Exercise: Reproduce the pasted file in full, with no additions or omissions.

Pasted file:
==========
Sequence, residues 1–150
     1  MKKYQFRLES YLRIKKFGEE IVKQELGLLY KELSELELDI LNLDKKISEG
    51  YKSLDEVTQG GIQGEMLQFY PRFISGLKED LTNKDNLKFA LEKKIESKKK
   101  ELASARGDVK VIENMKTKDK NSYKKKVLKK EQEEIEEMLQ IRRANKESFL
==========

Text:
Sequence, residues 1–150
     1  MKKYQFRLES YLRIKKFGEE IVKQELGLLY KELSELELDI LNLDKKISEG
    51  YKSLDEVTQG GIQGEMLQFY PRFISGLKED LTNKDNLKFA LEKKIESKKK
   101  ELASARGDVK VIENMKTKDK NSYKKKVLKK EQEEIEEMLQ IRRANKESFL